PMID: 37607Aug 1, 1979

Cerebral anoxia: effect of deep hypothermia and pH

Surgery
W I NorwoodA R Castaneda

Abstract

Deep hypothermic circulatory arrest facilitates repair of congenital cardiac anomalies in infants. It is known empirically that hypothermia protects against central nervous system (CNS) ischemic damage. The Q10O2 is only 2.2 for brain and thus a decrease in metabolic rate does not fully account for protective effects of hypothermia. Since enthalpy of dissociation of H2O is high (approximately 7 kcal/mole), its pH is temperature dependent (7.0 at 25 degrees C, 7.4 at 20 degrees C) and hypothermia may in part protect by its influence on hydrogen ion concentration. A manifestation of CNS susceptibility to ischemia is an obstruction of the microcirculation [no-reflow lesion (NRL)] demonstrated by infusion of carbon black into the cerebral circulation after a period of circulatory arrest. White lesions (NRL) against a gray background on cut section of brain increase in size with increasing time of arrest. The effect of anoxia versus circulatory arrest, brain temperature, and extracellular brain pH on NRL was studied in 45 mongrel dogs, subjected to varying periods of N2-induced anoxia on cardiopulmonary bypass (CPB) at 37 degrees C or 20 degrees C. In some studies jugular venous pH was adjusted by infusion of NaHCO3 or HCl. Control ...Continue Reading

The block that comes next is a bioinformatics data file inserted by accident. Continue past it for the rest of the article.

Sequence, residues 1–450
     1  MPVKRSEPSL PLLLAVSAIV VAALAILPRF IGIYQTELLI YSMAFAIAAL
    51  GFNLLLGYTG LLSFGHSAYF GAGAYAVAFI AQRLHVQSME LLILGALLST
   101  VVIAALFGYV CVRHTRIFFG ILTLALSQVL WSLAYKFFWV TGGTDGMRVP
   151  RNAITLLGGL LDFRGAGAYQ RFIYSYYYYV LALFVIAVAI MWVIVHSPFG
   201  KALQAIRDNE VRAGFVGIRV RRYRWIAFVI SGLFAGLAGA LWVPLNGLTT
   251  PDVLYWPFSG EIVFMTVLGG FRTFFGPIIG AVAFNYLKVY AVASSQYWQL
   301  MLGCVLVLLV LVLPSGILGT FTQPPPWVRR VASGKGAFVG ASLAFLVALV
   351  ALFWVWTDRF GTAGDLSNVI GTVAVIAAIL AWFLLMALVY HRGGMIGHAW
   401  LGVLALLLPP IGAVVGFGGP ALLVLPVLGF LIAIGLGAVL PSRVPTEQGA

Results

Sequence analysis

Related Concepts

Brain
Vitreous Carbon
Carbon Dioxide
Cardiopulmonary Bypass
Brain Hypoxia
Cerebrovascular Circulation
Canis familiaris
Heart Arrest, Induced
Histological Techniques
Hydrogen-Ion Concentration

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